To make sense of informational texts it is often necessary to grasp their authors' perspectives and how these underlie the presentation of information. Comprehending source perspectives can help readers make better judgments and develop deeper understanding through consideration of alternative approaches and viewpoints. The capabilities of engaging with multiple perspectives are increasingly important in 21st-century societies in which it has become all too easy for people to sequester themselves in "echo chambers" that resonate their own viewpoints. The aims of this chapter are to explicate what comprehension of multiple source perspectives involves, how this complex epistemic performance develops, and how it might be promoted in educational settings. We first define source perspectives and describe what representation of source perspectives of informational texts entails. Subsequently, we discuss how perspective comprehension is conceived according to three theoretical approaches: theory of mind research, theories of epistemic development, and the more recent AIR model of epistemic cognition. We show that these theoretical lenses shed light on different facets of this construct. In the last section, we suggest how growth in source perspective comprehension might be fostered by drawing on a new theory of epistemic growth, the Apt-AIR framework.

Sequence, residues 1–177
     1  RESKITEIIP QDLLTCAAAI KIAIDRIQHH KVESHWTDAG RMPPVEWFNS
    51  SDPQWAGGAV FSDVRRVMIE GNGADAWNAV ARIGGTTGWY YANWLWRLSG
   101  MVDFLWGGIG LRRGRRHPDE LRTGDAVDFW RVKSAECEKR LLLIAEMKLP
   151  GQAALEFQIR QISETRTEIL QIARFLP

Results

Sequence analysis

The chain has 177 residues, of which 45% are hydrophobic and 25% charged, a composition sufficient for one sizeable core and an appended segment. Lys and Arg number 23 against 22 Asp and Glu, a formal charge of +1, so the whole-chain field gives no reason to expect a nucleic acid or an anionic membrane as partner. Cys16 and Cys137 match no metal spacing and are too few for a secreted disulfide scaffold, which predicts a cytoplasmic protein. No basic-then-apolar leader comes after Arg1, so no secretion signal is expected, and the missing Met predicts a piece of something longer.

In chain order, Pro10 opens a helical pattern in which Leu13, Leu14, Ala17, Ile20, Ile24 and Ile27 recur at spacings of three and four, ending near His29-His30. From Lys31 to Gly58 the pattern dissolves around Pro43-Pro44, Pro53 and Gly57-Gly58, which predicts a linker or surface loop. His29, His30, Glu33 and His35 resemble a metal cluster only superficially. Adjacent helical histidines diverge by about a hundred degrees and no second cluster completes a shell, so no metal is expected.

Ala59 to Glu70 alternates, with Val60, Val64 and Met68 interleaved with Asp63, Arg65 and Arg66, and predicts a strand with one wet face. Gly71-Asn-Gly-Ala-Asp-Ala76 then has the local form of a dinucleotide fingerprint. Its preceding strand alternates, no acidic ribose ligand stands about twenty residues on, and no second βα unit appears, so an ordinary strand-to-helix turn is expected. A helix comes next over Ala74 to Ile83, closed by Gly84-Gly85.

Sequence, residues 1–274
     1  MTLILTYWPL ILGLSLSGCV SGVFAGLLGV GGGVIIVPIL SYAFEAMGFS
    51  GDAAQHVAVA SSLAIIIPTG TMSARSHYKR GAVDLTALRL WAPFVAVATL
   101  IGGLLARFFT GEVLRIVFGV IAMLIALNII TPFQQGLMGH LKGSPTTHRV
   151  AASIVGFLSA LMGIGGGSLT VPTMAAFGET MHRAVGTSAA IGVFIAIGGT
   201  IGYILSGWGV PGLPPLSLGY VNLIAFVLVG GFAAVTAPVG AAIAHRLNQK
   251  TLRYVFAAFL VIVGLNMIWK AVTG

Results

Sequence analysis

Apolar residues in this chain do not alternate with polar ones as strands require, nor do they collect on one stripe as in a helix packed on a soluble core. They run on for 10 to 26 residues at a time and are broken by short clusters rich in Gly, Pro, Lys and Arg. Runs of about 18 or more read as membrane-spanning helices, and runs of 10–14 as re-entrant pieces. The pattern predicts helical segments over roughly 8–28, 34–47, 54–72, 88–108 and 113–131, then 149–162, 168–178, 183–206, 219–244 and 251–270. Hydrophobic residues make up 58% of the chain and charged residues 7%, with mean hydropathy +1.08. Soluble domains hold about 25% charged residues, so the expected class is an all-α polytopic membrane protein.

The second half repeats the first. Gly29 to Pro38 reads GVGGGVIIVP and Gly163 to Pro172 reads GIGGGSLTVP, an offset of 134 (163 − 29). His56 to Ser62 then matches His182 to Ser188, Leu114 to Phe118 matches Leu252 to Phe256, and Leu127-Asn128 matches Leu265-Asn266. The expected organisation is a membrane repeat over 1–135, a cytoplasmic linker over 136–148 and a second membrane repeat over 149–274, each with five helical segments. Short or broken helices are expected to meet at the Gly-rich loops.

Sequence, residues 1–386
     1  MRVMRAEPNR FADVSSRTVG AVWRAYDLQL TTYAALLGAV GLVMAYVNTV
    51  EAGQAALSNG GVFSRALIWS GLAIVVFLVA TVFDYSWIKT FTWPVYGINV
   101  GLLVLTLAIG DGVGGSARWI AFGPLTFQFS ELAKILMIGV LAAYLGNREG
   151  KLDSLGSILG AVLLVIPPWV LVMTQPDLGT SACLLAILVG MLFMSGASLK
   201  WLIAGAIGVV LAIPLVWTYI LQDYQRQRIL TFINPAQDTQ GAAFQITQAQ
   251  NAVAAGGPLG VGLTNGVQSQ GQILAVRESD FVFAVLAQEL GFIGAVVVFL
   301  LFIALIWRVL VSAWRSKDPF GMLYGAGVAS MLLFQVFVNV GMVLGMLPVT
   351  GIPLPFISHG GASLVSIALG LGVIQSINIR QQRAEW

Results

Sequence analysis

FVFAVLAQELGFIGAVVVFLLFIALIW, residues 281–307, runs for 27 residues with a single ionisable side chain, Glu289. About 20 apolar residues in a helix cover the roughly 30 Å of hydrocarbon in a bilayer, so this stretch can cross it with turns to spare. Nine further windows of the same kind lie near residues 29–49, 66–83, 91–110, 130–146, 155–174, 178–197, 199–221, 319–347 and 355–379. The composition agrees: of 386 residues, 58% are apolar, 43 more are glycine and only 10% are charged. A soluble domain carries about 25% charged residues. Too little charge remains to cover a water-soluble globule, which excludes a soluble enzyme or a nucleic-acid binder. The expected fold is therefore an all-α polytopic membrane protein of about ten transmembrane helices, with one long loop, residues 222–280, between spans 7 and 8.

|Title of host publication
|Handbook of Learning from Multiple Representations and Perspectives
|P. Van Meter, A. List, D. Lombardi, P. Kendeou
|Taylor and Francis
|Number of pages
|Published - 1 Jan 2020
Bibliographical notePublisher Copyright:
© 2020 Peggy Van Meter, Alexandra List, Doug Lombardi and Panayiota Kendeou. All rights reserved.
- Epistemic development
- Epistemic thinking
- Multiple document comprehension
- Perspective comprehension
ASJC Scopus subject areas
- General Social Sciences